Google’s John Mueller is a wonderful source of information, but staying up to date with his Webmaster Central Hangouts can be hard for many of us. In a recent episode, someone asked why their meta description was being re-written. His answer helps us see a bit of why Google’s algorithm may re-write your meta descriptions. But it doesn’t stop there – in another Google Webmaster Central Hangout, he responds to a question about what people can do to stop it from happening – so we have the information we need to make our lives easier while keeping the search engine happy.
It’s important to note that Mueller’s advice is general because he cannot provide an exact reason for the re-write without looking at the search results. He says Google re-writes meta descriptions for a variety of reasons.
Keyword Stuffing in Meta Description
If Google sees a bunch of keywords in the meta description, it’s going to assume the description isn’t useful to users and attempt to write something else. Google has to be able to trust the description before it will leave what you’ve provided alone. If you’ve written a meta description that focuses less on keywords and more about what the content of the page is about, it’s more useful to users and less likely to be re-written.
Duplicate Meta Descriptions Across Multiple Pages on the Site
If Google sees the exact same meta description provided for most of the pages on the website, it’s going to re-write them. Unique meta descriptions are essential to providing content that is useful for searchers.
Content and Query Matching Issues
In the publisher’s question about meta re-writes, he mentions that branded queries with a “UK” modifier were the ones rewritten. That may be why Google is re-writing the description. If the webpage itself doesn’t send Google UK related content signals, Google may believe that modifier isn’t relevant to users and change the meta description accordingly.
Adding modifiers to search queries can cause Google to not only rewrite meta descriptions but the title tags, too. It’s most likely to happen when modifiers like “home page” and “UK” are used in the query, but not found in the written content of the page.
The meta description needs to match both what the user is searching for and the other content on the page.
Search Query Influences
Whether Google rewrites a meta description is based on the search query. If you notice a rewritten query, take the branded query and check to make sure the meta description is not spammy and is actually useful to searchers.
Move forward from there, looking for patterns. Is it something that Google always gets wrong? Or is it only wrong some of the time, when the algorithm picks up something else on the page and mistakenly rewrites the meta description?
How to Avoid Google Re-Writing Your Meta Descriptions
There are undoubtedly times when the meta description the site owner provides won’t be enough for Google. There’s no way to ensure that Google will use the meta description you provide 100% of the time. But, there are things you can control that will influence Google to use the ones you provide more often than crafting their own.
Make the Descriptions Unique for Each Page on the Site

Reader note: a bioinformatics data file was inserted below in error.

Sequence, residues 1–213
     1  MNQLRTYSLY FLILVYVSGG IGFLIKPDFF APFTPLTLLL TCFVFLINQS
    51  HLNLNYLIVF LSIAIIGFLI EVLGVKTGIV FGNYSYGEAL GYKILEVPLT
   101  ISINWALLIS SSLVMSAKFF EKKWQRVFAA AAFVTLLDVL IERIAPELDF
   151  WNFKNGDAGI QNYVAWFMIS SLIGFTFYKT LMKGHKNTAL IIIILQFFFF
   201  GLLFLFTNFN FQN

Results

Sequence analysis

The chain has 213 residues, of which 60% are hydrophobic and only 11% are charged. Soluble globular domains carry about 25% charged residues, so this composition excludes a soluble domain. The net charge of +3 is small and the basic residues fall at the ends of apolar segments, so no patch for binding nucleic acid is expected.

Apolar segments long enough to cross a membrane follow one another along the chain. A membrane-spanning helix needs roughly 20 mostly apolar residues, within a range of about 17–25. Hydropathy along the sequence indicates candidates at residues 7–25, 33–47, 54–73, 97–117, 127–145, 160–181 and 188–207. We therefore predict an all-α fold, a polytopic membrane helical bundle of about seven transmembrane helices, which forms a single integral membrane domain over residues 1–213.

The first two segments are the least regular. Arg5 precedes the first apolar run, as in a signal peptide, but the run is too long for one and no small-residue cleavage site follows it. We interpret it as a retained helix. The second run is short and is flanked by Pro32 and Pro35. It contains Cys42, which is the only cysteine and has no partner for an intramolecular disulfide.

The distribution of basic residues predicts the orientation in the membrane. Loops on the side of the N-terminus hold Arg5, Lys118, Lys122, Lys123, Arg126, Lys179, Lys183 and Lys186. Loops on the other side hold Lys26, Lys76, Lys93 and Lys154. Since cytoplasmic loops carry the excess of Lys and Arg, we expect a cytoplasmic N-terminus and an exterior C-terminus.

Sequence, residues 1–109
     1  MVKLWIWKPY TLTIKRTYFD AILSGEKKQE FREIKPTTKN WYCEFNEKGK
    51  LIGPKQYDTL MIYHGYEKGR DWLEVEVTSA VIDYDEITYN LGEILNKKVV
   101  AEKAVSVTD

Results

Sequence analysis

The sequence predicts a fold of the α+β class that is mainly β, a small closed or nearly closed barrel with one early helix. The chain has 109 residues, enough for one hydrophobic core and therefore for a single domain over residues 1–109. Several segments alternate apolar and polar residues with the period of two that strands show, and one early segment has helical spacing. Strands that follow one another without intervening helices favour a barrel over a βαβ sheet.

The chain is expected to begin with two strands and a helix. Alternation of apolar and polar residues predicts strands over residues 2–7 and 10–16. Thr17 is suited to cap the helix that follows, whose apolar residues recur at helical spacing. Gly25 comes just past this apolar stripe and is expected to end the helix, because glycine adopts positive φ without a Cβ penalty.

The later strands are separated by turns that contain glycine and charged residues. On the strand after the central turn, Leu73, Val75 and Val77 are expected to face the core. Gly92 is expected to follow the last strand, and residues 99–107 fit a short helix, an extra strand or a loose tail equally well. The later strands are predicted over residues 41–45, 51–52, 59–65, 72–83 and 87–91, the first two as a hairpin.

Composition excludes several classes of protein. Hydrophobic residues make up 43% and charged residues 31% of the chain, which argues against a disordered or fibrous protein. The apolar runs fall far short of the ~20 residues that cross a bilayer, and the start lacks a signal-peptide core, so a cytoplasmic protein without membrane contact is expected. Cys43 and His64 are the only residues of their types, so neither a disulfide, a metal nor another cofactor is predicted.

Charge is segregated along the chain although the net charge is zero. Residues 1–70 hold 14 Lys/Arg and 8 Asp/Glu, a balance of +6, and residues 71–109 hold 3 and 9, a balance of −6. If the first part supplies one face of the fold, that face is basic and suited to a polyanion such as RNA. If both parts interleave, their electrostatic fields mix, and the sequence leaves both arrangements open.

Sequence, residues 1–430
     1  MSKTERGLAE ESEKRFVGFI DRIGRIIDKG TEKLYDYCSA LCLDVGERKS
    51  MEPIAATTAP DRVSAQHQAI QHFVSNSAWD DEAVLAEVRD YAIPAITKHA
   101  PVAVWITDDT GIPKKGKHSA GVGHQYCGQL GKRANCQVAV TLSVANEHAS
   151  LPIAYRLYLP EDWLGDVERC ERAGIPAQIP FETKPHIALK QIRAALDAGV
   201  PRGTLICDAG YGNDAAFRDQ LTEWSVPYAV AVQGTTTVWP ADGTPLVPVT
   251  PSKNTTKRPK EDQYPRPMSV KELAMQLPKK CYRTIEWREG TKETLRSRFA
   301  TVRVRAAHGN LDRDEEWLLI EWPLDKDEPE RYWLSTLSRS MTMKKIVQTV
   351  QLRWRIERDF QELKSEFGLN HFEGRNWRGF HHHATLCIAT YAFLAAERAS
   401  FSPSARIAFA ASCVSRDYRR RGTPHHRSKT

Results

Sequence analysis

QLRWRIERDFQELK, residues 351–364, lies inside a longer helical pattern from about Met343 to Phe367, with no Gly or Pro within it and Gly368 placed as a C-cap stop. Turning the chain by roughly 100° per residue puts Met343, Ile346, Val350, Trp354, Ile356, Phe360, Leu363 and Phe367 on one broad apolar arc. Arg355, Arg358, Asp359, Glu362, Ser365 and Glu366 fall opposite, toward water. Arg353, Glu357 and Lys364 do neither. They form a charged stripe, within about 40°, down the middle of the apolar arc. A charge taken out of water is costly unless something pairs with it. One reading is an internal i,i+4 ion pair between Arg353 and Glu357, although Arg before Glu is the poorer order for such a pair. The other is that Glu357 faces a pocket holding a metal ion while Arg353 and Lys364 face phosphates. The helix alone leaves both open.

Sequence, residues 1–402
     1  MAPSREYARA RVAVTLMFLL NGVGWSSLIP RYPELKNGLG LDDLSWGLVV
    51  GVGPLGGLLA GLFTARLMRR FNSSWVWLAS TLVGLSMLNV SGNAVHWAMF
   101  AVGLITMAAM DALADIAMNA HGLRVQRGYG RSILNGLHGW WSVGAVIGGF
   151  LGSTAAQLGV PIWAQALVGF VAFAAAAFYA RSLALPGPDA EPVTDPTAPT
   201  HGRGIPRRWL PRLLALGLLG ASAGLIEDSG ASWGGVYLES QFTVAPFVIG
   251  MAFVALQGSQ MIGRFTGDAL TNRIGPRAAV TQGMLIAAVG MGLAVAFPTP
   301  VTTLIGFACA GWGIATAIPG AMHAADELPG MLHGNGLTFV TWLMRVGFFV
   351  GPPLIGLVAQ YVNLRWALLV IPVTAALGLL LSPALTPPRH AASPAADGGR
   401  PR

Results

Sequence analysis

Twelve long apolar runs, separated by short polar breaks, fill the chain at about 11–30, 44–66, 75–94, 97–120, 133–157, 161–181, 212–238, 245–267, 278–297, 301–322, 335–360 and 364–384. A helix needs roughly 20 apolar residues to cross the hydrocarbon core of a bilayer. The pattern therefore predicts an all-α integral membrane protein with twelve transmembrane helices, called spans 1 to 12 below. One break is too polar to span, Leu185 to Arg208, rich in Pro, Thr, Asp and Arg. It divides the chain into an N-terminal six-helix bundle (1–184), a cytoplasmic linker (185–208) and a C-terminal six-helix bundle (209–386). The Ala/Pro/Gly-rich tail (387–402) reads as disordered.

While it may be tempting to use a boilerplate meta description for every page on your website, this is problematic, especially if you have a larger site with hundreds or even thousands of pages. Think about the purpose of each page and what the user would be searching for to lead them there – as well as the information they will find to answer their query. Use that, along with relevant keywords to craft a useful meta description for each page on the site.
Pay Attention to Character Length
There is no official meta description length though Google may truncate at 155 to 160 characters. To ensure the entire description is viewable on the search engine results page, do your best to limit the character count to no more than 150 characters or so. To test the length of your descriptions, you can use a character counter tool. Remember, titles are truncated at 50 to 65 characters, so those need to be short and descriptive, too.
Make Them Match What Users are Looking For
Your meta description is basically a short sales pitch. It’s free advertising to reach out to prospects to entice them to click your results instead of another option on the page. And because Google is in the business of providing users the results they are looking for the first time around, you want to make sure you make the user happy to keep Google happy.
That means taking the time to ensure your meta descriptions match what users are looking for, but also match the page content. For example, if you’re targeting the keyword, “dog collars for small dogs”, then make sure that if the page isn’t specific to just small collars, that the page at least includes the option to filter out everything but the small ones. Don’t use a meta description for dog toys, or anything that’s not related to buying collars.
One of the ways you can make this easier is to divide your pages and keywords by search intent, then write the meta descriptions ahead of time, based on the keywords you’re targeting and the search intent of the people who’re using them. This way, you don’t create an informative meta description based on a transactional keyword.
Meeting these criteria reduces, but does not eliminate, the chance that Google will rewrite your meta description. If there’s an obscure query that matches a selection of text from your webpage, it’s likely Google will just use that snippet of text in place of your original meta description.